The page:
But really, this is a matter of root cause. Does the deposition β-amyloid of actually cause impaired metabolism, or is it there as a response to impaired metabolism? There is a huge distinction between these two because if we get it wrong, then we are focused on the “fixing” the wrong thing.

The researchers for today’s article believe that β-amyloid deposition is a response. But not just any kind of response, a protective response. That’s right. Although this stuff seems to worsen the Alzheimer’s condition, it actually comes to fix it.

Evidence that β-amyloid is protective

They came to this conclusion after following a certain developing drug. Because people thought the plaque on the brain was the problem, they focused on stopping it. They developed a drug that stopped the synthesis of β-amyloid peptides. If your body doesn’t make β-amyloid, then there is no plaque to deposit on your brain.

But do you know what happened during clinical trials? Patients actually got worse! Their Alzheimer’s accelerated forward. Yep, when people lacked β-amyloid, their cognitive deterioration ramped up much more than the control groups. As a result, the testing stopped in 2010. The drug was a bust.

Clearly there is more to β-amyloid than we thought before. Because the condition gets worse when you take it away, it must play a vital role in preventing further deterioration. The researchers of the article believe so, and this was one of their reasons.

Additionally, the saw that β-amyloid actually redirects metabolic pathways of the brain. It prevents the uptake of glucose, and it sends the brain cells to “eat” different things (like ketones). It may do that because it knows the cells can’t properly take in glucose, so there is no point in allowing the brain to eat it. So it forces the brain to eat other things.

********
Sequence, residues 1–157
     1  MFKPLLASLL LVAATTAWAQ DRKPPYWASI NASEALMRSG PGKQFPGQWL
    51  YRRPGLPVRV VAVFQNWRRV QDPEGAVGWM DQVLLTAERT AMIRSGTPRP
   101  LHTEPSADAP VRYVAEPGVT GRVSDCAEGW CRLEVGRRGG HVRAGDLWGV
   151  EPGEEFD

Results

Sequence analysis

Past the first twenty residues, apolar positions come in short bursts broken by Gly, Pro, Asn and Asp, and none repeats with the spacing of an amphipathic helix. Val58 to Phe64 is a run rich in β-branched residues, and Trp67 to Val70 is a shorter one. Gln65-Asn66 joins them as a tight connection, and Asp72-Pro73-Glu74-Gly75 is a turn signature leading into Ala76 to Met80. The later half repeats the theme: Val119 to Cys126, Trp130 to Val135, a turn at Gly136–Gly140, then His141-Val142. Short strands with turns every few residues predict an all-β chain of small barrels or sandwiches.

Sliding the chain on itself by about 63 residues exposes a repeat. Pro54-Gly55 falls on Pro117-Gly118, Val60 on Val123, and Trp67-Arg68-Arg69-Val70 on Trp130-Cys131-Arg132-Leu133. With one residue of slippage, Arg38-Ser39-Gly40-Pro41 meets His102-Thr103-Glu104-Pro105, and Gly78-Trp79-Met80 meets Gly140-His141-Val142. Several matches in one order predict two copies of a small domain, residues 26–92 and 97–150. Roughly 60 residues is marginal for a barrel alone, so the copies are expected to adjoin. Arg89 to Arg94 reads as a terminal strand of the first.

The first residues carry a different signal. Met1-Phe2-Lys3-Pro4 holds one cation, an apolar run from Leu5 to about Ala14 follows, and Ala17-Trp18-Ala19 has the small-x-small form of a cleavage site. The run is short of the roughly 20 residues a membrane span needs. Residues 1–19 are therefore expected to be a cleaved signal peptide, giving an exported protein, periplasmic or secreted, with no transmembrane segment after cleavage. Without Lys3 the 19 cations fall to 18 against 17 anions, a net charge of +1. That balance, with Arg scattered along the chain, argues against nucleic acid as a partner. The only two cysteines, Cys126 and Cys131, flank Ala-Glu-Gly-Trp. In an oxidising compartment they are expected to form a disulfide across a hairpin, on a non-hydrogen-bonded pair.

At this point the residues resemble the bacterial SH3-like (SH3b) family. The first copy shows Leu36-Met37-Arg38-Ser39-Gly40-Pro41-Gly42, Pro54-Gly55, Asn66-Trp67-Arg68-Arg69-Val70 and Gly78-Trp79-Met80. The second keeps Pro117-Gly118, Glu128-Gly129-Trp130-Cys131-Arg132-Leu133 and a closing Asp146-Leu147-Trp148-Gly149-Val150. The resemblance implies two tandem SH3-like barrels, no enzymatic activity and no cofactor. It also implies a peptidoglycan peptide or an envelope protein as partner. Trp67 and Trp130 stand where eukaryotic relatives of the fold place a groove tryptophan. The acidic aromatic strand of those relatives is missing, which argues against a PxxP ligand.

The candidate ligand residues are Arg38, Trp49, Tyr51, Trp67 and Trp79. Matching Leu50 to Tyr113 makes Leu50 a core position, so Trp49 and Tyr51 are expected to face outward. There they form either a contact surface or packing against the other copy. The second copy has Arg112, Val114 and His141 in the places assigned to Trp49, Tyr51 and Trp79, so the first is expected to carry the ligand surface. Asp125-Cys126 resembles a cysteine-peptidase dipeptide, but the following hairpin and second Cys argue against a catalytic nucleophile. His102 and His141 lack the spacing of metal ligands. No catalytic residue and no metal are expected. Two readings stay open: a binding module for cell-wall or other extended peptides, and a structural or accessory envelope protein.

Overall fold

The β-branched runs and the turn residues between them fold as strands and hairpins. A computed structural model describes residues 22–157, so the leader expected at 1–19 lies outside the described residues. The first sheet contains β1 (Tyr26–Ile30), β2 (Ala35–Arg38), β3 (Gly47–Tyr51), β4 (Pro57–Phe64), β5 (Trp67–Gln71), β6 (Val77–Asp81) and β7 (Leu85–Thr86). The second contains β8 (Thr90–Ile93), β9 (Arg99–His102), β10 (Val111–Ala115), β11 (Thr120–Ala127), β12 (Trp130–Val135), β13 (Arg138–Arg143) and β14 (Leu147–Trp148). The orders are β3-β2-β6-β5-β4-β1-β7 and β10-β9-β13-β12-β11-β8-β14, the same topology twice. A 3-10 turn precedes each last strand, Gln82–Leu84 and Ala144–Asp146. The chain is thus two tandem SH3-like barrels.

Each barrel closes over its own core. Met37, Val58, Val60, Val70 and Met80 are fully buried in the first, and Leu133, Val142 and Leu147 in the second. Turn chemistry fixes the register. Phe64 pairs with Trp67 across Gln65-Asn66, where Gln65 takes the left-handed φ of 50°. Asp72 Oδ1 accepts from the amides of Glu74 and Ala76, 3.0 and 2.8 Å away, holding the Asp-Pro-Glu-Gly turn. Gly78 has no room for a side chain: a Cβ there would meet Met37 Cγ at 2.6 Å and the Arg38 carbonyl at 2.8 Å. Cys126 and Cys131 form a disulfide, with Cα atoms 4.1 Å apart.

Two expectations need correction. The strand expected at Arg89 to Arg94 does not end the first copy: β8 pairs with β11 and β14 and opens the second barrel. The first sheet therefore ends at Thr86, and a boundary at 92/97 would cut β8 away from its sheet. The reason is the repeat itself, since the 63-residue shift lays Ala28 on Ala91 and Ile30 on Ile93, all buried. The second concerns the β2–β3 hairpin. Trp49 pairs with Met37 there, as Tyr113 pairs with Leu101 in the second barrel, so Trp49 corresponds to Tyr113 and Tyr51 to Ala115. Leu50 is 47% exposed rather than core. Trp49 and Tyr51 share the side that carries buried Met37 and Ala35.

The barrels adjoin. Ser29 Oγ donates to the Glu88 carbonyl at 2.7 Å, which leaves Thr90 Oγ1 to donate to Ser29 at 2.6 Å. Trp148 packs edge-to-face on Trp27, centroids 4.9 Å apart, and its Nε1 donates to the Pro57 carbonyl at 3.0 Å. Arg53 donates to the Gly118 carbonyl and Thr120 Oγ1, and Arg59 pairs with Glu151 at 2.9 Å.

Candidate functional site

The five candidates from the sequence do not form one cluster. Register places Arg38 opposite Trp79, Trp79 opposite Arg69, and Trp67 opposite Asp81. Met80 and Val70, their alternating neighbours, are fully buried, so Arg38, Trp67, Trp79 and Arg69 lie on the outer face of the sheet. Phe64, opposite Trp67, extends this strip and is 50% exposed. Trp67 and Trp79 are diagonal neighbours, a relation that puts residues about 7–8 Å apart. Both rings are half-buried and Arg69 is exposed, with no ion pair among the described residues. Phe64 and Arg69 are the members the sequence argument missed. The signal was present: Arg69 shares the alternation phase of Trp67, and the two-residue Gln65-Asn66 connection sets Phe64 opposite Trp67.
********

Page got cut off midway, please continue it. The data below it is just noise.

However, when those other things aren’t available and you overstuff yourself with carbohydrates, then there is nothing the β-amyloid can do. It comes on heavier, crystallizes, and then turns into the hard substance we see as plaque. Thus your brain eventually starts to die off.

Advanced glycation end-products (AGEs)

These are somewhat of a hot topic, so you probably have heard of them before. When carbohydrates change form and become AGEs, they interfere with other processes. Also, excessive carbohydrate alone will also damage proteins and other things in your body to form more AGEs.

These AGEs (whether straight from your diet or a result of a bad diet) are responsible for inflammation and oxidative stress.[5] They are bad in any context, and they are strongly associated with metabolic diseases. However, these also have a very specific role in causing Alzheimer’s – yet another metabolic disease.

 

AGEs lead to oxidative stress and inflammation


They interfere with the fat delivery system: lipoproteins and apolipoproteins (i.e. LDL and ApoE). These are pretty fancy words, but just think of them as boats delivering fat and cholesterol to parts of the body. If those are impaired through AGEs, then all parts of your body will be affected. Do you know what that includes? Your brain!

If your brain is deprived of fat and cholesterol, it will start to malfunction. They are necessary ingredients for a healthy brain. In fact, cholesterol comes in to heal lesions.[6] So, if you mess with the process that brings these necessities, then you are going to cause more problems.

Oxidative damage and mitochondrial defects result. Because of that, your brain is not able to metabolize glucose properly, and it shifts to metabolize other substrates with the deposition of β-amyloid.

Root cause analysis

So the real root cause seems to be these advanced glycation end-products. They interfere with so many bodily processes, one of which leads to Alzheimer’s. And it turns out that fructose is by far your worst enemy for this. The researchers suggest that fructose is 10 times as reactive as glucose in generating AGEs. (Check other blog post on the dangers of fructose if you are interested in learning more about its specific role.)